A ruling from the Indiana Tax Court has positioned a retailer who recorded a banner year in sales and growth in 2003 to get a tax refund from the state of Indiana.
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IU Maurer, national law firm to offer unique educational program

September 10, 2015
Marilyn Odendahl
From bachelor’s degree to J.D. to a job, Indiana University Maurer School of Law is providing a smooth transition for talented undergraduates interested in finance and the law.
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Indiana Supreme Court affirms Kentucky lawyer not a Hoosier

September 10, 2015
Marilyn Odendahl
A Kentucky attorney who never practiced north of the Ohio River got the Indiana Supreme Court to agree she was not a Hoosier.
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Admitting evidence of ‘signature’ crime was harmless error

August 31, 2015
Dave Stafford
The Indiana Court of Appeals on Monday affirmed the conviction of a man who broke into a woman’s home, severely beat her and attempted to rape her. Evidence that the man looked into the window of another woman in the neighborhood 57 days later should not have been admitted at his trial, but the error was harmless in light of DNA evidence connecting the man to the crime.
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COA affirms on rehearing ruling against revenue department

August 31, 2015
Dave Stafford
The Indiana Court of Appeals affirmed on rehearing Monday its opinion reversing summary judgment in favor of the Department of Revenue in a dispute over whether an award from a state agency in Marion County could be levied against a judgment in Marshall County.
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Valpo ex-attorney Holesinger gets 10 years

August 31, 2015
Dave Stafford
Former Valparaiso attorney Clark Holesinger has been sentenced to 10 years in federal prison and ordered to pay nearly $1 million in restitution to clients he defrauded.
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Incomplete contempt orders get reversed

August 31, 2015
Marilyn Odendahl
A trial court’s multiple contempt orders against a father have been overturned after the Indiana Court of Appeals found they did not “clearly and distinctly” state the reasons for the contempt citations.
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Expungement bid for 1975 crime fails at 7th Circuit

August 28, 2015
Dave Stafford

A career criminal lost his appeal before the 7th Circuit Court of Appeals that sought to throw out a 1975 conviction.

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7th Circuit stops collection of hospital assessment fee

August 28, 2015
Marilyn Odendahl
St. Catherine Hospital was successful in getting a reprieve from a dispute with the state of Indiana over the hospital assessment fee.  
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  1. This sure is not what most who value good governance consider the Rule of Law to entail: "In a letter dated March 2, which Brizzi forwarded to IBJ, the commission dismissed the grievance “on grounds that there is not reasonable cause to believe that you are guilty of misconduct.”" Yet two month later reasonable cause does exist? (Or is the commission forging ahead, the need for reasonable belief be damned? -- A seeming violation of the Rules of Profession Ethics on the part of the commission) Could the rule of law theory cause one to believe that an explanation is in order? Could it be that Hoosier attorneys live under Imperial Law (which is also a t-word that rhymes with infamy) in which the Platonic guardians can do no wrong and never owe the plebeian class any explanation for their powerful actions. (Might makes it right?) Could this be a case of politics directing the commission, as celebrated IU Mauer Professor (the late) Patrick Baude warned was happening 20 years ago in his controversial (whisteblowing) ethics lecture on a quite similar topic: http://www.repository.law.indiana.edu/cgi/viewcontent.cgi?article=1498&context=ilj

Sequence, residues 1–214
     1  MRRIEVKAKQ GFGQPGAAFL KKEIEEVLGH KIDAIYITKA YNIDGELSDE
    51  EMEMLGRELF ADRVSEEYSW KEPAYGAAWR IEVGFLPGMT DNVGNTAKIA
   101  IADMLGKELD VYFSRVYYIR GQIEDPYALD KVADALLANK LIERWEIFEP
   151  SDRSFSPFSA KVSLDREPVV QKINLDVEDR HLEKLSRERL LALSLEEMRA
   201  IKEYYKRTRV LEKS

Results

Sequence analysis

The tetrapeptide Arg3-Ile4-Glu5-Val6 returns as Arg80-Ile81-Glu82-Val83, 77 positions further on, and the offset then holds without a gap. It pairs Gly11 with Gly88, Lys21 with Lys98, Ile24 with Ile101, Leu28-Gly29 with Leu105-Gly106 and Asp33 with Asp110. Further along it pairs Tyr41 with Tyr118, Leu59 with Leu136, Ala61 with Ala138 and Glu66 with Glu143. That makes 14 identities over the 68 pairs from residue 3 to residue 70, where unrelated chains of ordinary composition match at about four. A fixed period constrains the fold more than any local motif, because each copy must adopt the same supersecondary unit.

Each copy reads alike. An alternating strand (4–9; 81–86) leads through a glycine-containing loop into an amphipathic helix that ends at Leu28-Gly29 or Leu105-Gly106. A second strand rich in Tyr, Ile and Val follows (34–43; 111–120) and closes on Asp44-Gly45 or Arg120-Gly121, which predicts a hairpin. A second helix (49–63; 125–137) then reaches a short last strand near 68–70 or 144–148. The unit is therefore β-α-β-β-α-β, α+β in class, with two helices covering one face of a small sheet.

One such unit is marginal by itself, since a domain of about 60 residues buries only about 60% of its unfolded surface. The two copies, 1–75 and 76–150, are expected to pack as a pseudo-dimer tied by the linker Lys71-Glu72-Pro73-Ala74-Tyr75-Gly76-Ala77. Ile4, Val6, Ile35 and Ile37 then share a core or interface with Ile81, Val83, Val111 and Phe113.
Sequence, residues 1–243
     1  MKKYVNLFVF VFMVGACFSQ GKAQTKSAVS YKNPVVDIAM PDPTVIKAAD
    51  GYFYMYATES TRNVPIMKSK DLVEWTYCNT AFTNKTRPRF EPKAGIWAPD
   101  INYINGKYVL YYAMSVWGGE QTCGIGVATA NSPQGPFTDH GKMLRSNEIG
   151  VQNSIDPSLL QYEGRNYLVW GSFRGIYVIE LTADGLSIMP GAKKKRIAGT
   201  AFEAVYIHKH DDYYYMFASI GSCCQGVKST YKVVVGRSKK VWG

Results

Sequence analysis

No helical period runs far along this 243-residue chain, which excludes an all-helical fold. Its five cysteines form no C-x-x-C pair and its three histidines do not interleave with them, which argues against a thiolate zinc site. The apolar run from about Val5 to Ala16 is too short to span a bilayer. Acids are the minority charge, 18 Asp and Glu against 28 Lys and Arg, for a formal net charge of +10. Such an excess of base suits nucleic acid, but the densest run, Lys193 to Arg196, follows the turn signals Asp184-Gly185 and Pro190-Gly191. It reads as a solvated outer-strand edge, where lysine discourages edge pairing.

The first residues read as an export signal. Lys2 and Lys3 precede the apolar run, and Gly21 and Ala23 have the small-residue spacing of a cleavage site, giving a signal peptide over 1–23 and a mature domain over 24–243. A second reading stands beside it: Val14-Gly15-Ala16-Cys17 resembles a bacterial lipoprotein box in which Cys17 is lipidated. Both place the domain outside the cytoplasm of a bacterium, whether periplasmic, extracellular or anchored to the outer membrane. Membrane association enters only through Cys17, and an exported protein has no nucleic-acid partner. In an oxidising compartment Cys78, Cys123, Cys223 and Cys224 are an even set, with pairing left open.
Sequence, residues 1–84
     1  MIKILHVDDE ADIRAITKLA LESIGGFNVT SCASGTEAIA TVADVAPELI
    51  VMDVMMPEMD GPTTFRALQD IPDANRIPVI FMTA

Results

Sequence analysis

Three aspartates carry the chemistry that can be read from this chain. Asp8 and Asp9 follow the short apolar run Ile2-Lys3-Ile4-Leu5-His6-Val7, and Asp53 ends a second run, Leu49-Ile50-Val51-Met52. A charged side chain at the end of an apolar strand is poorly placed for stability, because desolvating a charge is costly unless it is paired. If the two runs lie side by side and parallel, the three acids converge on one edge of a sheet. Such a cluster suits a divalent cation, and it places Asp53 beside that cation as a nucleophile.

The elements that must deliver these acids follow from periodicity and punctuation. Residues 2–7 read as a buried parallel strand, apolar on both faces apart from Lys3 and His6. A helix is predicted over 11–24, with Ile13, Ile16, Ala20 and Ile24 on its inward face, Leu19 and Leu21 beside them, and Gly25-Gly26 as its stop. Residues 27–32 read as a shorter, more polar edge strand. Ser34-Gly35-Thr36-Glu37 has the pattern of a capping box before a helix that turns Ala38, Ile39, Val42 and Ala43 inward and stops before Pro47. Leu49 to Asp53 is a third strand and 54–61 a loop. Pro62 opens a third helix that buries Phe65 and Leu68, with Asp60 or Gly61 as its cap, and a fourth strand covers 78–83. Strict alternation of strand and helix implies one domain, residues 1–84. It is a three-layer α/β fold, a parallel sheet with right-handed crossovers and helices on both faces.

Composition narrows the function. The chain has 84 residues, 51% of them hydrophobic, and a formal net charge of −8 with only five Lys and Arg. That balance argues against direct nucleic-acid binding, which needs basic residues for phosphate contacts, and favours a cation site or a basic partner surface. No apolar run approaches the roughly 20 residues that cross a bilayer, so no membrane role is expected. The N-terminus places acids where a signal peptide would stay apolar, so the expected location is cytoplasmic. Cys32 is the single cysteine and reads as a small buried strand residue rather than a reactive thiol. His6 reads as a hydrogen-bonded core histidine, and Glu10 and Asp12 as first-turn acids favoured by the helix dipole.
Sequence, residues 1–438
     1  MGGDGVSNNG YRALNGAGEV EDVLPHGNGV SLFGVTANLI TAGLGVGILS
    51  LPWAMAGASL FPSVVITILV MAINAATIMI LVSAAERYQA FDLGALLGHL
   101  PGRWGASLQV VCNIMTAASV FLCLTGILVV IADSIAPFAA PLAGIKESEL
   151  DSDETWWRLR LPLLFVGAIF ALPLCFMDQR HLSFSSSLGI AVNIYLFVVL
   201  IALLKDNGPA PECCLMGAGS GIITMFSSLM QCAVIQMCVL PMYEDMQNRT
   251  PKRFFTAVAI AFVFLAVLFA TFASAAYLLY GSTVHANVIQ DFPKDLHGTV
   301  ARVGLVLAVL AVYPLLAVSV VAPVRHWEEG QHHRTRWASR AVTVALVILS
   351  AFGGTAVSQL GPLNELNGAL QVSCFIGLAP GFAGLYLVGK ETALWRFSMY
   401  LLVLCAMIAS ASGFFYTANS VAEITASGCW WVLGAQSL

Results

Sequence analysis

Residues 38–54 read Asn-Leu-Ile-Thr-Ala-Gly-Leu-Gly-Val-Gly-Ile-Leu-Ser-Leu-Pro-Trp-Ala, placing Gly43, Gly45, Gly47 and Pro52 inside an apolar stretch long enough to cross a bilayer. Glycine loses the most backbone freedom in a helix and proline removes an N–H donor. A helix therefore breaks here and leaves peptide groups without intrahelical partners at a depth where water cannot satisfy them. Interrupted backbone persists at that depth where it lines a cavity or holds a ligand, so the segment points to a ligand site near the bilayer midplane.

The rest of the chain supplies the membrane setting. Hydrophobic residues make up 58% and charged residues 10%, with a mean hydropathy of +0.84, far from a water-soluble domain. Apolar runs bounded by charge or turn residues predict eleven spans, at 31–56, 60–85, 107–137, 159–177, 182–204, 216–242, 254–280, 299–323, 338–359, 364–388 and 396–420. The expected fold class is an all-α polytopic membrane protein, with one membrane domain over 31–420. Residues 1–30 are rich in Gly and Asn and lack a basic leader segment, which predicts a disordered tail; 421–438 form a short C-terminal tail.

2. I have a case presently pending cert review before the SCOTUS that reveals just how Indiana regulates the bar. I have been denied licensure for life for holding the wrong views and questioning the grand inquisitors as to their duties as to state and federal constitutional due process. True story: https://www.scribd.com/doc/299040839/2016Petitionforcert-to-SCOTUS Shorter, Amici brief serving to frame issue as misuse of govt licensure: https://www.scribd.com/doc/312841269/Thomas-More-Society-Amicus-Brown-v-Ind-Bd-of-Law-Examiners

  3. Here's an idea...how about we MORE heavily regulate the law schools to reduce the surplus of graduates, driving starting salaries up for those new grads, so that we can all pay our insane amount of student loans off in a reasonable amount of time and then be able to afford to do pro bono & low-fee work? I've got friends in other industries, radiology for example, and their schools accept a very limited number of students so there will never be a glut of new grads and everyone's pay stays high. For example, my radiologist friend's school accepted just six new students per year.

  4. I totally agree with John Smith.

  5. An idea that would harm the public good which is protected by licensing. Might as well abolish doctor and health care professions licensing too. Ridiculous. Unrealistic. Would open the floodgates of mischief and abuse. Even veteranarians are licensed. How has deregulation served the public good in banking, for example? Enough ideology already!